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Watford, Coliseum (02 Dec 1996)

Photo: Hamish Brown (1996)


December 14 1996

Watford Colosseum

"... Bestriding the stage like housewife colossi, the It Girls glare down, 20ft tall and glossily cardboard. Pretty in an archaic sort of way, but as shallow as a Brookside sub-plot. They are Britpop in gargantuan monochrome. Are Sleeper (the archetypal in-at-Number-16-with-a-wet-blanket Britpop band, remember) merely cardboard cut-out indie pop? Do they really amount to nothing more than a pretty face, an ooh-la-la-stomp-missus drumbeat and three blokes who were born out of focus?

But before these questions are answered, Mansun have stormed onstage in pincer formation, waved their guitars around their heads, wailed like distressed chickens and left Watford dribbling down its rugby shirt in awe. Call this lot two-dimensional and they'd probably show you the scars from where they tore these blistered pop tunes from their very souls. For here we find Radiohead having barbed wire shoved up their arse on 'Wide Open Space', tales of dodgy goings-on in the clergy in 'Stripper Vicar' and guitars so hypercharged they could be launched against Iraq tomorrow.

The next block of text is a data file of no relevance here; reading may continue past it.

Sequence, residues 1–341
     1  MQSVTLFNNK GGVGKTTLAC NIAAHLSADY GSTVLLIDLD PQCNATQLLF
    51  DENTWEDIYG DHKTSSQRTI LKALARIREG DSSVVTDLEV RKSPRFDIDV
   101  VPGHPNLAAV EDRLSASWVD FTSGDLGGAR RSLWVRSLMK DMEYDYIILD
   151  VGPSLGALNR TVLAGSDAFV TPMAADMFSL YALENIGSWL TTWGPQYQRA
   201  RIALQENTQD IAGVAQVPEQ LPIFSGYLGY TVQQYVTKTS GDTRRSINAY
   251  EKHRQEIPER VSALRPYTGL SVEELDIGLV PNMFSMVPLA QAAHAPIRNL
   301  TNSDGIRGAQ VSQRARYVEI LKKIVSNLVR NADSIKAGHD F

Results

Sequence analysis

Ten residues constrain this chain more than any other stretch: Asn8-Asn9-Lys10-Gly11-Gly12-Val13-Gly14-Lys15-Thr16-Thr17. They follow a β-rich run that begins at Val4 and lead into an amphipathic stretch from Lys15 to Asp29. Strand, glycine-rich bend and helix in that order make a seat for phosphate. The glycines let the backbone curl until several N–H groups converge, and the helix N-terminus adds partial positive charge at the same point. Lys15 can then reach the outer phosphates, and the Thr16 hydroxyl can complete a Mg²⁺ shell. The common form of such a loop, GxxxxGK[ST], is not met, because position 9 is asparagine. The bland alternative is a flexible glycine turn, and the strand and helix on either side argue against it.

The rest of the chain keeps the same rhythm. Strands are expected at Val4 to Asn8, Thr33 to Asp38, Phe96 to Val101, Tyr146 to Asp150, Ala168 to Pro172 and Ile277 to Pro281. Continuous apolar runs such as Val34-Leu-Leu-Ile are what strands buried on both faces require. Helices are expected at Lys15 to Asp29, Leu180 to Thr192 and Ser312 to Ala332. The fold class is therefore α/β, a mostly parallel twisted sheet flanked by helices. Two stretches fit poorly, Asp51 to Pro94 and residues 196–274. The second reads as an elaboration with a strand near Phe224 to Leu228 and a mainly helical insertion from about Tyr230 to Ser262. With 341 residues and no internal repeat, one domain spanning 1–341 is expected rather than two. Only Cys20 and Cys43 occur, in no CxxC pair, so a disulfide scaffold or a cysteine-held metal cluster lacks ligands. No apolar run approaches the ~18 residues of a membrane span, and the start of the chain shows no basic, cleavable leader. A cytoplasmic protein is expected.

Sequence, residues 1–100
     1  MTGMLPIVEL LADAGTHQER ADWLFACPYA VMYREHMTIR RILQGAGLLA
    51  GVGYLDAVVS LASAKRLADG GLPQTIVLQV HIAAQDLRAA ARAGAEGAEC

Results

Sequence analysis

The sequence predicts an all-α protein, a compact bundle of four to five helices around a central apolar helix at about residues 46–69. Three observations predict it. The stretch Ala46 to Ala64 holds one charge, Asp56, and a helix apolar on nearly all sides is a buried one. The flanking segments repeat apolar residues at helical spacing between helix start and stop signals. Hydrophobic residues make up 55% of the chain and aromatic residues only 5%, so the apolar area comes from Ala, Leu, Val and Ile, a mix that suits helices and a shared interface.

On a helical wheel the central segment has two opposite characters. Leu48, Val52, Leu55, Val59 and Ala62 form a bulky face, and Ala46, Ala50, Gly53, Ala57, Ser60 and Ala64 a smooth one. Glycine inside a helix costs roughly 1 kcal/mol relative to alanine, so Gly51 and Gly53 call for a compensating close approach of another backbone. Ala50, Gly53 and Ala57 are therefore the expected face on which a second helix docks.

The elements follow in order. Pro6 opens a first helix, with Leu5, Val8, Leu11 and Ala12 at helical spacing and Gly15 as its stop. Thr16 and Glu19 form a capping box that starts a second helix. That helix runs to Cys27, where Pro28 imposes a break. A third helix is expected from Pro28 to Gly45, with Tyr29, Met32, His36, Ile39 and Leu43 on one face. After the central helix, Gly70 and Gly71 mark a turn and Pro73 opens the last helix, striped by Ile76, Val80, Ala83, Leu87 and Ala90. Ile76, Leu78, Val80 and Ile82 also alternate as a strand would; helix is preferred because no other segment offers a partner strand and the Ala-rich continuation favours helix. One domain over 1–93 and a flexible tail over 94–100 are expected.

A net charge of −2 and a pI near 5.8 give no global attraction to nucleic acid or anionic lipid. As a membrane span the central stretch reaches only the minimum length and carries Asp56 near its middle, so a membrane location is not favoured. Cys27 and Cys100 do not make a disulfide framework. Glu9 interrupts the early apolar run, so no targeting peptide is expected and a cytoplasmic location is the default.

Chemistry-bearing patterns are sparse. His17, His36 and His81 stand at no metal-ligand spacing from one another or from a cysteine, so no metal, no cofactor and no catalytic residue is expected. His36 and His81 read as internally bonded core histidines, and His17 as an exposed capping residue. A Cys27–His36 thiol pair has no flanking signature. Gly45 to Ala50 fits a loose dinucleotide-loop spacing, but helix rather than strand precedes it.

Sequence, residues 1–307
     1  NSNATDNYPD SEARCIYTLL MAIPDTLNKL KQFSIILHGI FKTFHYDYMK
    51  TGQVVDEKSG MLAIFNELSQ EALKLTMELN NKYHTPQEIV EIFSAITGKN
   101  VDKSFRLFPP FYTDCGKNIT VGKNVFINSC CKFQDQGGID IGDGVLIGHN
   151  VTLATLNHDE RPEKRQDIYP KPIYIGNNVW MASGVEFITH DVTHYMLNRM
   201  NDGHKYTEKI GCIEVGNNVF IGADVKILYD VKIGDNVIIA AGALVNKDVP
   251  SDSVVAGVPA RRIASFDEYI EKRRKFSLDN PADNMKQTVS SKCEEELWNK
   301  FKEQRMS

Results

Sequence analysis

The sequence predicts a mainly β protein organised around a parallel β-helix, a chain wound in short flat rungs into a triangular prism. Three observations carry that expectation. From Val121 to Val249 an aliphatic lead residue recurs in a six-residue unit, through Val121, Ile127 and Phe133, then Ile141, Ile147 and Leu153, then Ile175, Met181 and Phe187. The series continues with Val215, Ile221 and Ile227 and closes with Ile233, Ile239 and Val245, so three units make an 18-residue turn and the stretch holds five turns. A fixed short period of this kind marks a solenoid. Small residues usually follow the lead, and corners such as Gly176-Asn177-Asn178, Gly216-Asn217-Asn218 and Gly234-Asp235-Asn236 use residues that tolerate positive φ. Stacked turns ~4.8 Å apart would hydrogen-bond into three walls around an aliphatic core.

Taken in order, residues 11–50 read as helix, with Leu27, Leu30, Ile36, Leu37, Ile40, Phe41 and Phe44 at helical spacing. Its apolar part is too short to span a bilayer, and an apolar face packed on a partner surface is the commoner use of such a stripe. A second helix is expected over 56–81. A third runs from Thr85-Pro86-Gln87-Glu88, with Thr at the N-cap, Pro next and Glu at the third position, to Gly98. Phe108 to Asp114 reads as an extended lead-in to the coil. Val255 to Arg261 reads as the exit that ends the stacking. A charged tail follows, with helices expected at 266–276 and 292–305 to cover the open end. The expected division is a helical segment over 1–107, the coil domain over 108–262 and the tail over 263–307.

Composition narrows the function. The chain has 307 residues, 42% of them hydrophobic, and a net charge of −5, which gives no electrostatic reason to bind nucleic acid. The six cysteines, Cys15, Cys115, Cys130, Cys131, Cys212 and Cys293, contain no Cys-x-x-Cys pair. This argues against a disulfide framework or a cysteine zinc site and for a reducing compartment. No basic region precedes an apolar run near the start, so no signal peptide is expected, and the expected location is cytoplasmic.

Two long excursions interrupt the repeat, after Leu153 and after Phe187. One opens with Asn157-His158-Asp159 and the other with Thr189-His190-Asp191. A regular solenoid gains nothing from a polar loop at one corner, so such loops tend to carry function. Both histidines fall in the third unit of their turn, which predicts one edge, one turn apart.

Then, from between the plywood legs of the It Girls skips Louise to be worshipped by a baying New Town crowd who know the traumas of a pebble-dashed driveway only too well. The fact that the Sleeperblokes seem to be breeding (there's now a Keyboardbloke and a Rhythmguitarbloke, both equally unrecognisable to their own mothers) goes unnoticed amid the torrent of pop hits suddenly gushing from the speakers. And yes! 'Delicious', 'Swallow' and the rumbling bass grenade of 'Sale Of The Century' are all consummate pop ditties oozing suspicious fluids from their nethers and swaggering around Blur's deserted fairground, pissed on a half of snakebite.

Then things start to go terribly awry: they start to sound like Sleeper. Or, at least, the underachieving cartoon Sleeper of legend, as portrayed in a million hatchet album reviews. You want stompy-pop-by-numbers, chirpiness optional? Then meet 'Factor 41' and its five identical twins whose names (and, indeed, choruses) slip your mind within two minutes.

Still, masterful streaks through 'What Do I Do Now?' and 'Vegas' steer proceedings back towards somewhere quite marvellous, and the It Girls have their answer. Yes, Sleeper are a 2-D pop band, digitally tagged by the Chart Police so that they can never step outside of their allotted musical boundaries. They're destined to soundtrack a billion fumbled snogs at a zillion student discos for eternity. They're cheap, cheerful, occasionally magnificent but consistently anonymous pop made flesh. We've got the Spice Girls now, right? What's the point?"

Mark Beaumont